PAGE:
The Shareholder meeting will occur tomorrow April 27 as follows:
- Time: 4:30 PM
- Location: Downing Center, 209 E. Russell Road, Tecumseh, MI 49286
You might try to attend if you can.
I’ve spent a little time looking at the 2009 Annual Report and the 2010 Q1 report. I used to have a few more questions, but maybe I’ve answered some of them. Here are some of my general observations:
- Loan Portfolio: It looks like the loan portfolio has shrinked significantly over the past year. I don’t think this is necessarily bad because perhaps there are fewer opportunities where the risk matches the reward. To me it doesn’t make sense to loan money just to say you’ve increased your loan portfolio. Having said that, the loan portfolio is usually the major source of income for a bank and when it shrinks, the longer term earning potential shrinks too.
- Balance Sheet Liquidity: Regarding liquidity, the bank is more liquid than it’s been in a while. I don’t know if this is intentional on its part or if it’s a consequence of not having good places to loan money. I don’t think there should be a focus on increasing liquidity unless it’s a problem, and when we’re not in crisis mode, increasing liquidity should not be a focus. However if the increased liquidity is a result of few good loan opportunities, then increased liquidity in the short term is OK.
- Loan Loss Expense and Writeoffs: It looks like to me, the bank will accrue an additional roughly $20M in loan loss expense this year. From the notes, it looks like they stil have around $12M of problem loans for which they should accrue. Maybe I’m wrong, but from the notes, it appears they will write off around $25M in loans this year. I think this means that without a capital infusion, the bank will be down to about $56M in Common Equity at the end of the year (about 8.5% capital ratio). If this is the sum total of the Loan Loss expense, maybe the worst is behind the bank.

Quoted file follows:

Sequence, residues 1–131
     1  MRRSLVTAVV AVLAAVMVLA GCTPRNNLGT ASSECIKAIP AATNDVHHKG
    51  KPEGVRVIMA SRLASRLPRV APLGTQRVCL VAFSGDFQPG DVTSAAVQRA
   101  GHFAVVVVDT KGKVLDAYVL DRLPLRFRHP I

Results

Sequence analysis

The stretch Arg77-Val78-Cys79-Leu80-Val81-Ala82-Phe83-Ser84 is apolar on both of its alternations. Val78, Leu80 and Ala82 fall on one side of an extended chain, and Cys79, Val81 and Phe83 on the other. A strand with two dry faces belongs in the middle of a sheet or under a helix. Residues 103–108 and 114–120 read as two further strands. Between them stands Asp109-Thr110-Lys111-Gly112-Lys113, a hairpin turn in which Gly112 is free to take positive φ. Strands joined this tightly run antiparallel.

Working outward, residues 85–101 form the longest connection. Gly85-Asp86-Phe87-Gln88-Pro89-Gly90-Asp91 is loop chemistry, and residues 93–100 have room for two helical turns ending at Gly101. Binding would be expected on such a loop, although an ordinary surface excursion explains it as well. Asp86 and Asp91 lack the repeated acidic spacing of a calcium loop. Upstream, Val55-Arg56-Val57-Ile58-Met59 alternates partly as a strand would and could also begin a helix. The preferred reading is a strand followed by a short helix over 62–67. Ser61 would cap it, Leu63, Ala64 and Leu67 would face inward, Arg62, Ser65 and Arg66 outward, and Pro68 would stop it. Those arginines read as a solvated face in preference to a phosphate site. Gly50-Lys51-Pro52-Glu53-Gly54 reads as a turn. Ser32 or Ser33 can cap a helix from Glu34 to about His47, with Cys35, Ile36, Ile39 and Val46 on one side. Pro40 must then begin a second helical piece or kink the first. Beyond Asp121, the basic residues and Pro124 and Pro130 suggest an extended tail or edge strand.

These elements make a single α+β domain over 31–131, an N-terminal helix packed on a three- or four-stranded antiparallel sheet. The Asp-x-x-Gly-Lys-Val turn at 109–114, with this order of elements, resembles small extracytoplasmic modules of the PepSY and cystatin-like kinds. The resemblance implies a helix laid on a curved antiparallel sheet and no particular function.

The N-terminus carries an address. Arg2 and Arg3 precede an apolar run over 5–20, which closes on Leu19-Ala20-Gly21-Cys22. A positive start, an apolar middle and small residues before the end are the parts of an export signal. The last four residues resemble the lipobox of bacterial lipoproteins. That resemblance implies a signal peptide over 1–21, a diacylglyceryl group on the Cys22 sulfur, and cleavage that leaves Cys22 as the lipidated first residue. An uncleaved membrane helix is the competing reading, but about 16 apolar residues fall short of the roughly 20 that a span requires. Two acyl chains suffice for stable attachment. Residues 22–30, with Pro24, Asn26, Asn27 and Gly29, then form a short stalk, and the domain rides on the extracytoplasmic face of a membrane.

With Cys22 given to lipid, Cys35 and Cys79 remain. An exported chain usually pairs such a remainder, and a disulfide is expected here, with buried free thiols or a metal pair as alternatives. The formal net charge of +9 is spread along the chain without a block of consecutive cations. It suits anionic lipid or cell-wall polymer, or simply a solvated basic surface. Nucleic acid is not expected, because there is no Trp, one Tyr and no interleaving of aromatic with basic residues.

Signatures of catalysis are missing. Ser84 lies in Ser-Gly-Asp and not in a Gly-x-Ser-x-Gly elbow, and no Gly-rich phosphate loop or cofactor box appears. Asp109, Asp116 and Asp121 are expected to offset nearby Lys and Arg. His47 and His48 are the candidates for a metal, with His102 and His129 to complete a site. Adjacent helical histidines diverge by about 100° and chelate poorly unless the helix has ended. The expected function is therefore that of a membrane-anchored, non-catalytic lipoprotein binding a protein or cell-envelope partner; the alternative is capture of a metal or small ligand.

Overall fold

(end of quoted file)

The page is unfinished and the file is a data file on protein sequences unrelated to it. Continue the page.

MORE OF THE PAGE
- Memorandum of Understanding: From the Q1 earnings report, they still haven’t talked about how they’ll address the capital requirements for which they’ve made commitments. Based on a few assumptions and quick calculations, it looks to me like the bank will need to add around $35M in capital to meet it’s obgligation of having a capital ratio of 12%. Add another $20M to get the Treasury out of the Bank’s business (ignoring the Warrants).
- Stock Price and Dividends: No Dividends this year, no dividends until the bank gets rid of the Treasury’s equity position, and until the Memorandum of Understanding expires. Stock Price: My quick estimate is that at the end of the year, common equity will be in the neighborhood of $56M, ignoring any capital infusion required. With about 5M shares, that’s a stock price of about $11. The market says $7.00 as of today. In my opinion the market price reflects the write offs, it reflects a discount due to the relative illiquidity of the shares, and it is factoring in uncertainty. Bottom Line: Probably no price increase, and almost certainly no dividends.
Here are the questions that I hope they answer tomorrow:
- Are we looking at another around $12M in Loan Loss Expense and a total writeoff of the $32M in loans mentioned in the Annual report and the Q1 report?
- What policies and procedures has the bank instituted so that this magnitude of loan writeoffs doesn’t happen again? What has the bank learned and how has it changed its underwriting policies?
- What is the bank going to do about reaching its capital requirements as stated in the Memorandum of understanding? It seems to me that the Treasury and the FDIC have been patient with the bank during these last two years, but their patience will eventually run out.
- I’ll be honest, I haven’t had a chance to compare the situation here at UBT with that of other similar sized banks in SE Michigan. I’d like to see how it compares to others. I’m sure they will tell us tomorrow that UBT is better than most and certainly no worse than any other bank in SE Michigan.
I think those are my main questions. I hope that if they’re not answered (and if I can’t make it) somebody asks management about these issues. I hope this helps make the meeting tomorrow more useful than it might have otherwise been.